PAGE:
United States District Court, D. Colorado
MICHAEL E. HEGARTY UNITED STATES MAGISTRATE JUDGE
Tony Ortiz seeks to dismiss Plaintiff Larry Clark's
employment discrimination claims against him. Because
individual supervisors are not liable under Title VII or the
Colorado Anti-Discrimination Act (“CADA”), I
grant Mr. Ortiz' Motion to Dismiss.
following are Mr. Clark's factual allegations (as opposed
to legal conclusions, bare assertions, or merely conclusory
allegations), which I take as true for my analysis under
Fed.R.Civ.P. 12(b)(6). See Ashcroft v. Iqbal, 556
U.S. 662, 678 (2009).
Clark worked for Defendant DCPS from 2015 through 2017 as a
night supervisor. Compl. ¶ 1, ECF No. 1. Minority
employees Mr. Clark supervised regularly complained that
other supervisors treated them in a discriminatory manner.
Id. ¶ 2. Mr. Clark addressed these issues with
the other supervisors and Mr. Ortiz, the operations manager.
Id. ¶ 3. However, Mr. Ortiz advised Mr. Clark
that he needed to ignore the complaints. Id. ¶
3. Additionally, Mr. Ortiz told Mr. Clark that he was
“digging a hole” for himself by consistently
raising the complaints. Id. ¶ 6.
at work in February 2017, Mr. Clark had an altercation with
the tenant of a property he was cleaning. Id. ¶
7. Although the tenant called the police because of a threat
Mr. Clark allegedly made, the police did not arrest Mr. Clark
or take any other action against him. Id. at 16. Mr.
Ortiz used this incident to justify terminating Mr.
Clark's employment. Id. ¶ 8.
pro se, Mr. Clark filed the present case in Colorado state
court on January 12, 2018. Id. Mr. Clark does not
specifically delineate the claims he pleads. However, in the
EEOC charge attached to his Complaint, Mr. Clark asserts
Defendants discriminated and retaliated against him on the
basis of race. Compl. 4, ECF No. 3. Accordingly, for purposes
of this motion, I construe Mr. Clark's Complaint
liberally as asserting violations of Title VII and the CADA.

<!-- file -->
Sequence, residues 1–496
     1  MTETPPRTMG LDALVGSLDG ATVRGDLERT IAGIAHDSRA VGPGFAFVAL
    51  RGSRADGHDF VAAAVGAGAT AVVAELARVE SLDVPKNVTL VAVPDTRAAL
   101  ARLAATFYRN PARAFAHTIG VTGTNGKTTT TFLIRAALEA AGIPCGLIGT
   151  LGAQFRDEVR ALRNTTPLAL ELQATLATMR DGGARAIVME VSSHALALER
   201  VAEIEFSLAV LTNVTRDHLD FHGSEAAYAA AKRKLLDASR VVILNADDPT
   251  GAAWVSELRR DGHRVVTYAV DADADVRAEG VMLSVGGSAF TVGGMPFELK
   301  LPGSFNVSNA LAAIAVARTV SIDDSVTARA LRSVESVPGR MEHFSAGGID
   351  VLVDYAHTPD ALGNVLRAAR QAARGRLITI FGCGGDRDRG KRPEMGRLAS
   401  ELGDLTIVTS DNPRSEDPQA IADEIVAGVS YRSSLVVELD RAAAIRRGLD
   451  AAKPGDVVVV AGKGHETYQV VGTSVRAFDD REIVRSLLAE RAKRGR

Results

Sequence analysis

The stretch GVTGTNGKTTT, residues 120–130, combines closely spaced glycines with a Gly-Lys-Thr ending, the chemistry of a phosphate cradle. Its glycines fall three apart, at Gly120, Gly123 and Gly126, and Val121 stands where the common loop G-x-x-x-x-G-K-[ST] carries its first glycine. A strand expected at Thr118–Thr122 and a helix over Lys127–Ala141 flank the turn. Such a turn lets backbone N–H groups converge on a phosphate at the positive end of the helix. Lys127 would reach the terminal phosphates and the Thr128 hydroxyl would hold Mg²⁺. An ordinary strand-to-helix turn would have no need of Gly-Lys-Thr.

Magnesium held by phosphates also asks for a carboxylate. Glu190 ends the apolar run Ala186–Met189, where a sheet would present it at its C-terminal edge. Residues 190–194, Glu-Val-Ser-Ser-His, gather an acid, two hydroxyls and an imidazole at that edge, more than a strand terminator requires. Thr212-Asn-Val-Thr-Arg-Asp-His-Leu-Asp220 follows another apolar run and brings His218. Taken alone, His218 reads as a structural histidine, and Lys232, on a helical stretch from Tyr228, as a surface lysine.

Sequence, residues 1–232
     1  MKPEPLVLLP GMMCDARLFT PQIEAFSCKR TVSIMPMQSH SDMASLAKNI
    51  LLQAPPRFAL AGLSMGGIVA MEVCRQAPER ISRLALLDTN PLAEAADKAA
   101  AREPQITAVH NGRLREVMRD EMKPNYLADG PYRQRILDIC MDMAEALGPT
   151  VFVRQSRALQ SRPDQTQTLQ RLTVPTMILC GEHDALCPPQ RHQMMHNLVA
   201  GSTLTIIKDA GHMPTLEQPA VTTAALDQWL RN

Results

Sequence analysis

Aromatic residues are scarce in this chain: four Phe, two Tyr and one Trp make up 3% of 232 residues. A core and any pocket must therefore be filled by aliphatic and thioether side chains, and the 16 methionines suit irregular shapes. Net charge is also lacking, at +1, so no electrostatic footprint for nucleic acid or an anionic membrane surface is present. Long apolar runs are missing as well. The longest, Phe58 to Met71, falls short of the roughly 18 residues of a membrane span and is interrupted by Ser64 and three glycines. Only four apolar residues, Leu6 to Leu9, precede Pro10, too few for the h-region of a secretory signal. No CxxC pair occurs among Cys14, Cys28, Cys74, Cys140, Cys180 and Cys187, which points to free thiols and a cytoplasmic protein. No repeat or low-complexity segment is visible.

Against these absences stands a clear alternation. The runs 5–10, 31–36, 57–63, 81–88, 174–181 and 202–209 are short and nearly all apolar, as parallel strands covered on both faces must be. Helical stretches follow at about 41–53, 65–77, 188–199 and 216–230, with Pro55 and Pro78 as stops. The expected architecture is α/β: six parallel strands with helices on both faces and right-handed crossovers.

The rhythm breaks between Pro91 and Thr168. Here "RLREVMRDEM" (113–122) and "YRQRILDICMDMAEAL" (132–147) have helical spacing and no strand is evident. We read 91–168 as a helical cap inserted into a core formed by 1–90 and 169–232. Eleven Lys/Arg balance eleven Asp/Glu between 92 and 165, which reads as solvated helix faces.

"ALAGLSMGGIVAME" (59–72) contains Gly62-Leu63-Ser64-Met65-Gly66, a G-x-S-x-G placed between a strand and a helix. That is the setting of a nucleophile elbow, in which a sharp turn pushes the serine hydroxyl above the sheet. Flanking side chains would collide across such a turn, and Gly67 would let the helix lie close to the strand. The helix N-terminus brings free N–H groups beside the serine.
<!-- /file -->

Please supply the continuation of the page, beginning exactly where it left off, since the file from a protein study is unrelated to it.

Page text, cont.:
See Tex. Dep't of Cmty. Affairs v. Burdline, 450
U.S. 248, 259 (1981) (“Title VII prohibits all
discrimination in employment based upon race, sex, and
national origin.”); Colo. Civil Rights Comm'n
v. Big O Tires, Inc., 940 P.2d 397, 399-400 (Colo. 1997)
(stating that the CADA protects against race discrimination
Ortiz removed the case to this Court on February 27, 2018.
Notice of Removal, ECF No. 1. On March 6 Mr. Ortiz responded
to the Complaint by filing the present Motion to Dismiss, ECF
No. 8. According to Mr. Ortiz, Tenth Circuit precedent makes
clear that individual supervisors are not liable under Title
VII and the CADA. Id. at 3. In response, Mr. Clark
does not address whether these statutes permit claims against
supervisors. Resp. to Mot. to Dismiss, ECF No. 29. Instead,
he argues only that “Tony Ortiz had the authority to
hire and fire employees and should not be dismissed from this
case.” Id. at 1. Mr. Ortiz subsequently filed
a reply. Reply in Supp. of Mot. to Dismiss, ECF No. 30.
Dismissal Pursuant to Fed.R.Civ.P. 12(b)(6)
survive a motion to dismiss, a complaint must contain
sufficient factual matter, accepted as true, to ‘state
a claim to relief that is plausible on its face.'”
Ashcroft v. Iqbal, 556 U.S. 662, 678 (2009) (quoting
Bell Atl. Corp. v. Twombly, 550 U.S. 544, 570
(2007)). Plausibility, in the context of a motion to dismiss,
means that the plaintiff pleaded facts which allow “the
court to draw the reasonable inference that the defendant is
liable for the misconduct alleged.” Id.
Twombly requires a two prong analysis. First, a court
must identify “the allegations in the complaint that
are not entitled to the assumption of truth, ” that is,
those allegations which are legal conclusions, bare
assertions, or merely conclusory. Id. at 679-80.
Second, the Court must consider the factual allegations
“to determine if they plausibly suggest an entitlement
to relief.” Id. at 681. If the allegations
state a plausible claim for relief, such claim survives the
motion to dismiss. Id. at 680.
refers “to the scope of the allegations in a complaint:
if they are so general that they encompass a wide swath of
conduct, much of it innocent, then the plaintiffs ‘have
not nudged their claims across the line from conceivable to
plausible.'” Khalik v. United Air Lines,
671 F.3d 1188, 1191 (10th Cir. 2012) (quoting Robbins v.
Oklahoma, 519 F.3d 1242, 1247 (10th Cir. 2008)).
“The nature and specificity of the allegations required
to state a plausible claim will vary based on context.”
Kan. Penn Gaming, LLC v. Collins, 656 F.3d 1210,
1215 (10th Cir. 2011). Thus, while the Rule 12(b)(6) standard
does not require that a plaintiff establish ...